The first full post-war summer of cricket in 1946 was spoiled by wet weather.
There followed one of the most bitterly cold winters in living memory and great misery as the realities of post-war austerity and continued rationing hit home. Meanwhile in Australia, Wally Hammond’s England team were discovering that an eight-year interval had done nothing to improve their hopes of beating Don Bradman’s Australia. They endured a miserable Ashes tour, losing each of the first two Tests by an innings and surrendering the series 3-0.
But then came 1947, a summer when the sun shone constantly and Compton and Edrich seemed always to be batting together under cloudless skies at Lord’s. Compton hit 3816 first-class runs in beautiful style, including 18 centuries; Edrich hit 3539 runs including 12 hundreds. Their secret? “I was as fit as a flea, I did what came naturally and I enjoyed myself," Compton recalled. The 370 they put on against South Africa remains a record for any Test partnership at Lord’s. They did it in some style, striking 46 fours and one six in five and a half hours together at the crease. Edrich fell at last for 189 and Compton for 208. England were able to declare on 554 for 8 and while South Africa battled hard, their eventual defeat by ten wickets came inevitably. Compton and Edrich even managed to grab seven wickets between them.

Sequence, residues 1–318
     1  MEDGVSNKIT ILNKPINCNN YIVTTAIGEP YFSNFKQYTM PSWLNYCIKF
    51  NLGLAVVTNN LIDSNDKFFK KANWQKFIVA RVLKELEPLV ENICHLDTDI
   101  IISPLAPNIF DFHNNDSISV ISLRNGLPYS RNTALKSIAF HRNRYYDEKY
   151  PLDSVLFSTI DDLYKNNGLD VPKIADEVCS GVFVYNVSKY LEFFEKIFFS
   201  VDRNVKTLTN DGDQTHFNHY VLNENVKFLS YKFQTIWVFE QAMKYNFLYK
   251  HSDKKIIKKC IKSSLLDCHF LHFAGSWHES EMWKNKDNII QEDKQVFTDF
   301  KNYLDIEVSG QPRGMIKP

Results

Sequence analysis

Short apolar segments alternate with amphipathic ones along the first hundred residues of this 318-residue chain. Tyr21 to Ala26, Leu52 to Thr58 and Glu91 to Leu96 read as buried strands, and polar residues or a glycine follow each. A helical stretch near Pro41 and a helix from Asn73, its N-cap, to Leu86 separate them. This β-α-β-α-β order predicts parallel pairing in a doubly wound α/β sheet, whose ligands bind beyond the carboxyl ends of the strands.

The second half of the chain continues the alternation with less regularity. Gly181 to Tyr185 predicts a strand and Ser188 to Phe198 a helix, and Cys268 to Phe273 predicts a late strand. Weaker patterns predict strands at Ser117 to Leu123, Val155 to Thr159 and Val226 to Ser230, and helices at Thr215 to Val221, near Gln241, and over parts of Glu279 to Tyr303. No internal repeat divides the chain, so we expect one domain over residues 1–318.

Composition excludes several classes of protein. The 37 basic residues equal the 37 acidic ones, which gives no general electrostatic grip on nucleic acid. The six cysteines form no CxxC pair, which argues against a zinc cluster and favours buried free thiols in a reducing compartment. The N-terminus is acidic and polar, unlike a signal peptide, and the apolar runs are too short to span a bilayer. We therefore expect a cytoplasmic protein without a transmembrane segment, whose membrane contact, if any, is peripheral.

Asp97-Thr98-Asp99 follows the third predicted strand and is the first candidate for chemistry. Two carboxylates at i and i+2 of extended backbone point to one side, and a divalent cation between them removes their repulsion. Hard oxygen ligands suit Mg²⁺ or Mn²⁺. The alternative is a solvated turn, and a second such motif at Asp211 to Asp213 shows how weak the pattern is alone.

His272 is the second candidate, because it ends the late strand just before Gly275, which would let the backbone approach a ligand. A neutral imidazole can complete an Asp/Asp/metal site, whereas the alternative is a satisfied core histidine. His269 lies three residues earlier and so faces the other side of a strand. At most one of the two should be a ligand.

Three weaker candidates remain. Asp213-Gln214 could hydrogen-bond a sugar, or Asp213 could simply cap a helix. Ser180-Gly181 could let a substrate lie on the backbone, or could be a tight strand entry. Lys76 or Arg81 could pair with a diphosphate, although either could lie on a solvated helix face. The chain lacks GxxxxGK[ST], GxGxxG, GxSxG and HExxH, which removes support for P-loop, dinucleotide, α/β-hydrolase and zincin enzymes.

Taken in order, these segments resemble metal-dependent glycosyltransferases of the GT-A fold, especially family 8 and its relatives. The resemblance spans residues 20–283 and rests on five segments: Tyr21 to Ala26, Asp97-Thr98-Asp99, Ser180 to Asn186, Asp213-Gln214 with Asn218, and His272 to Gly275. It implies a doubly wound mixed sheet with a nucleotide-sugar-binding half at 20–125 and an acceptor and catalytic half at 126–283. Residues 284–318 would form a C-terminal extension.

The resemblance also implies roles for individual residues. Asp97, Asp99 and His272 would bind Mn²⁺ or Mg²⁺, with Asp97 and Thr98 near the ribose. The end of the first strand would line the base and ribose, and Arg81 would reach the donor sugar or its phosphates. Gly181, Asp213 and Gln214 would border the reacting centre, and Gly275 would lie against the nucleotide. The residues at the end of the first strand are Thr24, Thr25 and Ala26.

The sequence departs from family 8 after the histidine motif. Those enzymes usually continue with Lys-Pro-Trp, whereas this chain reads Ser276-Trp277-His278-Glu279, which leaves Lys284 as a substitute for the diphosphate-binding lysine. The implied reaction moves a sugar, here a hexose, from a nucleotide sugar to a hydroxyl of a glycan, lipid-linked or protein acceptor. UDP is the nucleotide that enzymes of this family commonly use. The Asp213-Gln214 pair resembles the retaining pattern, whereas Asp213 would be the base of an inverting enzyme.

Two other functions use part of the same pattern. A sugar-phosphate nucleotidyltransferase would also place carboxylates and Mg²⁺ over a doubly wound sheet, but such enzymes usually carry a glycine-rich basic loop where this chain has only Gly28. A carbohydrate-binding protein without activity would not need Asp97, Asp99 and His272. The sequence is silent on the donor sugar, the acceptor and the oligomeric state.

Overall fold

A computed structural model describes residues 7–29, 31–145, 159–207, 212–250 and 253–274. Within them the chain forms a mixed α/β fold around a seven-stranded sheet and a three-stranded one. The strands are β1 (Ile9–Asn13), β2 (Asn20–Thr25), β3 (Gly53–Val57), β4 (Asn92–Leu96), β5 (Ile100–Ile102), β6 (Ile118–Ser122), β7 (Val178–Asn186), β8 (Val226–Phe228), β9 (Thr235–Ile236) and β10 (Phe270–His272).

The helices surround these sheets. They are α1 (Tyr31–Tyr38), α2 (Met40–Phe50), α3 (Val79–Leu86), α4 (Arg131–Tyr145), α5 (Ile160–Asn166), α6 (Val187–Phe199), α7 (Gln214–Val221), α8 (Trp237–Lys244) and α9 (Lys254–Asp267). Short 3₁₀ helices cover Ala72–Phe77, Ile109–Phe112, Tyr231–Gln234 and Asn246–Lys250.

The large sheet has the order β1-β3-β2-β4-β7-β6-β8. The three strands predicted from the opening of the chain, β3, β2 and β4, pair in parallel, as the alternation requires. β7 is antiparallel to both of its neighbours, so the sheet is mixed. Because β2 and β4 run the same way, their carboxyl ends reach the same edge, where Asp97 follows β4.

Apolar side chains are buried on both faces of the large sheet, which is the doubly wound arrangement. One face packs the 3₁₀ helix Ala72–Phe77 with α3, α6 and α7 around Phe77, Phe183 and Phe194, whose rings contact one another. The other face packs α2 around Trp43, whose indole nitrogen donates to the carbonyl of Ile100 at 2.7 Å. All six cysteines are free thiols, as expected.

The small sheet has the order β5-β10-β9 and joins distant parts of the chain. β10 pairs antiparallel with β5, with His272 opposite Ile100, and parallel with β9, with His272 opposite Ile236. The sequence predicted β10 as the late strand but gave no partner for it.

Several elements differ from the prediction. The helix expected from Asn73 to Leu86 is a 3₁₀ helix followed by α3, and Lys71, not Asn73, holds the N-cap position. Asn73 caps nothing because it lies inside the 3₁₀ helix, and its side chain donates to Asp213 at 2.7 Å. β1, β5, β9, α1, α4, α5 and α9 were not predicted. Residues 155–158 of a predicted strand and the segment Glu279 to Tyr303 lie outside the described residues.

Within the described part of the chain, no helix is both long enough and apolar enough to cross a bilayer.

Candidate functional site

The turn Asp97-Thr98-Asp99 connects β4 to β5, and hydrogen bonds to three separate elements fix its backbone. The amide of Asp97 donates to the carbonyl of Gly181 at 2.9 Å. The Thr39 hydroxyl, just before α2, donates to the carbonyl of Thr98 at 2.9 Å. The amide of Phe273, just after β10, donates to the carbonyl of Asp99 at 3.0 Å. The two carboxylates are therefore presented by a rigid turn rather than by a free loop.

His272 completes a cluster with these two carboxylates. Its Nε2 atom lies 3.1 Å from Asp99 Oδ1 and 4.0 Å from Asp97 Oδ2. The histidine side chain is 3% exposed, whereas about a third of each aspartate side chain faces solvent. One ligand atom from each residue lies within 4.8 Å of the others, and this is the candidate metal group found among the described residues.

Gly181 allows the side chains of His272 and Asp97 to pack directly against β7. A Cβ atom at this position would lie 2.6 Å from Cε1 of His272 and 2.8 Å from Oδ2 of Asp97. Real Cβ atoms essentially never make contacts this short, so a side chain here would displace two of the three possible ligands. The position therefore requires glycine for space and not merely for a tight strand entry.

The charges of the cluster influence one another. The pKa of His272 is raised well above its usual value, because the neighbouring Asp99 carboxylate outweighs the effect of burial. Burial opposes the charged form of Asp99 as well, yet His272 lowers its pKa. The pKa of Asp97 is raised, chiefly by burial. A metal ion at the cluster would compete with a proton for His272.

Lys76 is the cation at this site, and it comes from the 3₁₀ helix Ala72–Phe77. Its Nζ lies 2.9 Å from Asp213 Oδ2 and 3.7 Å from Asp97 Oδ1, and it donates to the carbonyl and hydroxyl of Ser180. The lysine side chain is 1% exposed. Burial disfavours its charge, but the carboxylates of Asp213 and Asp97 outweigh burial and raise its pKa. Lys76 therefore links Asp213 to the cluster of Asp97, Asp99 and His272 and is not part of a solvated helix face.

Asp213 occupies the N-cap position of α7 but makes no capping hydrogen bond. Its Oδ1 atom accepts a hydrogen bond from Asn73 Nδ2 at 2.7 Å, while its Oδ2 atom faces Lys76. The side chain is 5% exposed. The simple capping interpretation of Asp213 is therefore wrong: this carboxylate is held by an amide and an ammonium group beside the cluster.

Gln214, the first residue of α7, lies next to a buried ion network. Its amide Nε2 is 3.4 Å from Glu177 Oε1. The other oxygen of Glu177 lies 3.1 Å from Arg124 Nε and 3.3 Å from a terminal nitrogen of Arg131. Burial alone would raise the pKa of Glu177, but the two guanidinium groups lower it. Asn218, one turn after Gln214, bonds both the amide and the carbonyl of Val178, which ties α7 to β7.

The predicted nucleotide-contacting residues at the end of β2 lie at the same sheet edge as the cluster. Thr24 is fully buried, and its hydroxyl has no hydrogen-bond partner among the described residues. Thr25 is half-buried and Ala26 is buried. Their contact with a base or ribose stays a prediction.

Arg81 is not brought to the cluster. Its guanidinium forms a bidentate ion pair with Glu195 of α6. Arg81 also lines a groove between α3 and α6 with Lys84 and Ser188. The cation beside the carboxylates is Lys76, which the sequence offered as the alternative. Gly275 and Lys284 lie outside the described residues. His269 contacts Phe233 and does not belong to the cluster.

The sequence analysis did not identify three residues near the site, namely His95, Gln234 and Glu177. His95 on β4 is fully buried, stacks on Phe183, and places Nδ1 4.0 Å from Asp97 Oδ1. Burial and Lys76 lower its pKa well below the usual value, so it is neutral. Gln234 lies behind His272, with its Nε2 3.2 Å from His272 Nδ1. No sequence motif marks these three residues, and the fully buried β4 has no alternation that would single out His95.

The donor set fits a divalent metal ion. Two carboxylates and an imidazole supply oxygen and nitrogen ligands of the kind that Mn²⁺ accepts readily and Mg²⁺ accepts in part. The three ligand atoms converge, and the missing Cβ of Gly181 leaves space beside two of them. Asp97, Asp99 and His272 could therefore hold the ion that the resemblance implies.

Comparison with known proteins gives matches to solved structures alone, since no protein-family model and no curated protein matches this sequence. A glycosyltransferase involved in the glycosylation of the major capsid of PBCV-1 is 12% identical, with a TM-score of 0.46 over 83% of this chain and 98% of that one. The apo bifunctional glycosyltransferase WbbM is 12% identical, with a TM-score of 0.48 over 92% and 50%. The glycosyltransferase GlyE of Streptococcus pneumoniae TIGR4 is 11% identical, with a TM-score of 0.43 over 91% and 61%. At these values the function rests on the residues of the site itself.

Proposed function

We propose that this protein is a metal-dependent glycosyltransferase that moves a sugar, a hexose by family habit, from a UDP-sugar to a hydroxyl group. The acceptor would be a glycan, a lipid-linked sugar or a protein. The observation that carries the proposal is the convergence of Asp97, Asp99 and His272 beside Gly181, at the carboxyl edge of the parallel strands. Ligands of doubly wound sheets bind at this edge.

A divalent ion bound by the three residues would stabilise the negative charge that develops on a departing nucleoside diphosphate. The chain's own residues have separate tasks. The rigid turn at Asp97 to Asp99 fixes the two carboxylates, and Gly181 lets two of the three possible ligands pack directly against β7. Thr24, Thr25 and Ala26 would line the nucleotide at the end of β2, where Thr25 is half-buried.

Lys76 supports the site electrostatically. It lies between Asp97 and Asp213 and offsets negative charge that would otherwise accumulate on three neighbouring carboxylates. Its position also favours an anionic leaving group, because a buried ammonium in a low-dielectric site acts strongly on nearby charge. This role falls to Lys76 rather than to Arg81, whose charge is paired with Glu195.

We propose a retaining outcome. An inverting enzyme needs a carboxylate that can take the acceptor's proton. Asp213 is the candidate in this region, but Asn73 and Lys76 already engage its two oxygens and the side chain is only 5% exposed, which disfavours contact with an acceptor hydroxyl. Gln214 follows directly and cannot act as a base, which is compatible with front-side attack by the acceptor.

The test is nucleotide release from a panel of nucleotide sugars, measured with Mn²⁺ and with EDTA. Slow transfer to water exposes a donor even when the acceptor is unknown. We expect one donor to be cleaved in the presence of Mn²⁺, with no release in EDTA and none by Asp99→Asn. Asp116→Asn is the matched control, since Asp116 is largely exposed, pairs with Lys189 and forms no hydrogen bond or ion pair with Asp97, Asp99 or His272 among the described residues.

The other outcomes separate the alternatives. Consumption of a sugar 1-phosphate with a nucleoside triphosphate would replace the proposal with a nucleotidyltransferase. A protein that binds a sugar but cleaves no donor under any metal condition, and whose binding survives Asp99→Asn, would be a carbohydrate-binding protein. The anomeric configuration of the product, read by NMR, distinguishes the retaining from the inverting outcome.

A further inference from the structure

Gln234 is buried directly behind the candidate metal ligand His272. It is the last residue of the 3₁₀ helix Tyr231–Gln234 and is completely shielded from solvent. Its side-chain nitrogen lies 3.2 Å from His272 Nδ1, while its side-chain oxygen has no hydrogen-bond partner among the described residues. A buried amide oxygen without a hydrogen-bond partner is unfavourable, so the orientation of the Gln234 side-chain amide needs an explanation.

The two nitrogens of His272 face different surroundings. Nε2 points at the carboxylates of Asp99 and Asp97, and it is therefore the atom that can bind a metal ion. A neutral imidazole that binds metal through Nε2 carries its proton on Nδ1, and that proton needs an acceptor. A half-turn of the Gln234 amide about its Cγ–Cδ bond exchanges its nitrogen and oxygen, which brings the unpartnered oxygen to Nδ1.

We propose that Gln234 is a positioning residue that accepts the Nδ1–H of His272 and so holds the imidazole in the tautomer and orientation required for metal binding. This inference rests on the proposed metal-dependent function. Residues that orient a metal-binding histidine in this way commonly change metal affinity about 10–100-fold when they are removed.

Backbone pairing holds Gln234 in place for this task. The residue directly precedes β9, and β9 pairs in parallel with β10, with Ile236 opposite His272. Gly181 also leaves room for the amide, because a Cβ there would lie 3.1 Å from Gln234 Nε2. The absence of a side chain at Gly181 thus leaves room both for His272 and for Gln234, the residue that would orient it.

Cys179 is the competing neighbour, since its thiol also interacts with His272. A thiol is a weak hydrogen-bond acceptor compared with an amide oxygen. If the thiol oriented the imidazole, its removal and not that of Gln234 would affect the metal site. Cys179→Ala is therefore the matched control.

That wasn’t the end of it for South Africa’s bowlers. Compton took them for four hundreds and two fifties in total that series, amassing 753 runs at 94; Edrich missed the fifth Test but still claimed two hundreds and two fifties in among 552 runs at 110. Together they helped England defeat South Africa 3-0 in the Tests and Middlesex to claim the County Championship. No English summer before or since has seen run scoring like it.